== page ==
WM Market Reports

Wealth Balance Tilts Onshore But Some IFC Growth Is Rapid - Study

Tom Burroughes Group Editor 19 June 2018


An annual global study on wealth management shows overall AuM growth has been strong, with signs of the onshore side outpacing the offshore one.

Personal financial wealth grew at a stronger rate in general than for offshore centres in general, suggesting the balance of power is tilting towards the onshore world as regulatory and tax policies help encourage the shift, a study finds. Even so, booking hubs such as Hong Kong and Singapore logged strong growth, outpacing that of Switzerland.

A study by Boston Consulting Group, its 18th such report on the sector, said global personal financial wealth grew by 12 per cent in 2017 to $201.9 trillion in dollar terms. This expansion more than doubled that of the previous year, when global wealth rose by 4 per cent, and represented the strongest annual growth rate in the past five years in dollar terms. The main drivers were the bull market environment in all major economies - with wealth in equities and investment funds showing by far the strongest growth - and the significant strengthening of most major currencies against the dollar.

Global offshore wealth rose 6 per cent year-on-year to $8.2 trillion; Switzerland remained the largest offshore centre, domiciling $2.3 trillion in personal wealth in the country. The next-largest booking centres were Hong Kong ($1.1 trillion) and Singapore ($0.9 trillion), which have grown at yearly rates of 11 per cent and 10 per cent, respectively - more than three times the rate (3 per cent) of Switzerland over the past five years. Net offshore inflows from 2012 through 2017 reach a total of more than $800 billion, with Hong Kong and Singapore the principal destinations.  Some offshore centres, notably the Channel Islands and the Isle of Man, saw net outflows during the same period, the study said.

“As the regulatory climate has tightened over the past ten years, we have seen significant flows back onshore, generally from lower high-net-worth individuals,” Anna Zakrzewski, a BCG partner, global leader of the firm’s wealth management segment, and co-author of the report, said. “But new inflows into offshore centres have generally offset these outflows as financial institutions that provide offshore services have successfully redefined their value propositions to target clients also from mature markets,” she added.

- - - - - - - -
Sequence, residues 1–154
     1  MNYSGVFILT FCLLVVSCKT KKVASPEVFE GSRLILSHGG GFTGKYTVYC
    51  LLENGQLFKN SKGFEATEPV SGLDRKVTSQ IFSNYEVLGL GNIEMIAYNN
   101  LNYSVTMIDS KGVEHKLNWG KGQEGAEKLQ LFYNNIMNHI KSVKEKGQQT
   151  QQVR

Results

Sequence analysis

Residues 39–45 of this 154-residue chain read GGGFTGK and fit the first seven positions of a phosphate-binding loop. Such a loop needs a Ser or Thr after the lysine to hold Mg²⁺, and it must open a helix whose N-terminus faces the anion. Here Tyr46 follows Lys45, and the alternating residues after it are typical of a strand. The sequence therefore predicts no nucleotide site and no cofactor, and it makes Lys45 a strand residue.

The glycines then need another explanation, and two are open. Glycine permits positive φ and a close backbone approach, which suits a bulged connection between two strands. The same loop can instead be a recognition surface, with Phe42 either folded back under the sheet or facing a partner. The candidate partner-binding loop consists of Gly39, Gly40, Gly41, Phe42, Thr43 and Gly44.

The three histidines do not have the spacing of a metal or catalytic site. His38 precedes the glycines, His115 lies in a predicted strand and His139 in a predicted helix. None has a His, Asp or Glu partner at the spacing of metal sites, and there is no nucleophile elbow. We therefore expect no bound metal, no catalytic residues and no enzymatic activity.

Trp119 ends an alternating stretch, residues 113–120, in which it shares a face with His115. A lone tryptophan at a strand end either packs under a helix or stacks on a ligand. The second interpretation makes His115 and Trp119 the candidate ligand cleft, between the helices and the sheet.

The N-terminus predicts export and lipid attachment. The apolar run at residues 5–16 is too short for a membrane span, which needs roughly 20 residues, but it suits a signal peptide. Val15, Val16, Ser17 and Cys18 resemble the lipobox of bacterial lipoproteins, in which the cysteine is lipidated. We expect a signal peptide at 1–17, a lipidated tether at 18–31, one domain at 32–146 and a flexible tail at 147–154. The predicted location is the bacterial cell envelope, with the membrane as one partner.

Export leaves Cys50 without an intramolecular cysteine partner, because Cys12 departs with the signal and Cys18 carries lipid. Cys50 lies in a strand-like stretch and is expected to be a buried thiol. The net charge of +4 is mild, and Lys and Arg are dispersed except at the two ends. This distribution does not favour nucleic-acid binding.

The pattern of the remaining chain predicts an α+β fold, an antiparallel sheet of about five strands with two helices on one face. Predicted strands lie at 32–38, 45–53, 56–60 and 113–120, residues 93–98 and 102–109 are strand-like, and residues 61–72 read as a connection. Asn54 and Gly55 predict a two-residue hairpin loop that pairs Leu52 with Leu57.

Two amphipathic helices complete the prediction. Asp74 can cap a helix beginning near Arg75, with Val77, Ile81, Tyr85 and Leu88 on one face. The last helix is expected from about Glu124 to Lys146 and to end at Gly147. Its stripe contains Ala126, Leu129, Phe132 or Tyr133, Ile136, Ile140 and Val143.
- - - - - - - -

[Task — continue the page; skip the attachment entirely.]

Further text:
Such figures suggest that although there has been some pivot towards onshore, those international financial centres able to compete in important ways continue to be highly relevant. Swiss banks have had to contend with headwinds of negative real interest rates and as a highly mature market, relative growth rates might naturally less than those of younger hubs in Asia. 

Performance edge
According to BCG industry data gathered from more than 150 wealth managers, top performers - defined as the quartile of institutions with the highest pre-tax profit margins - won a big edge over average performers in overall revenue growth and return on assets over the past three years. They also enjoyed a cost edge, although this was much less pronounced than the RoA advantage, implying that the prime driver of higher profit margins resides on the revenue side. 

BCG estimates that wealth managers can achieve a revenue uplift of 8 per cent to 12 per cent by adjusting price levels, correcting unnecessary discounts, and simplifying overall pricing structures. Product and service bundling can contribute to higher revenues if properly linked to the pricing architecture and to the value proposition for each client segment. 

The study also said that more than 70 per cent of wealth management clients see highly personalised service as a key factor in deciding whether to stay with their current provider or switch to another. This finding suggests that customisation is essential, possibly also implying certain limits to how completely the industry can take out the individual human touch.


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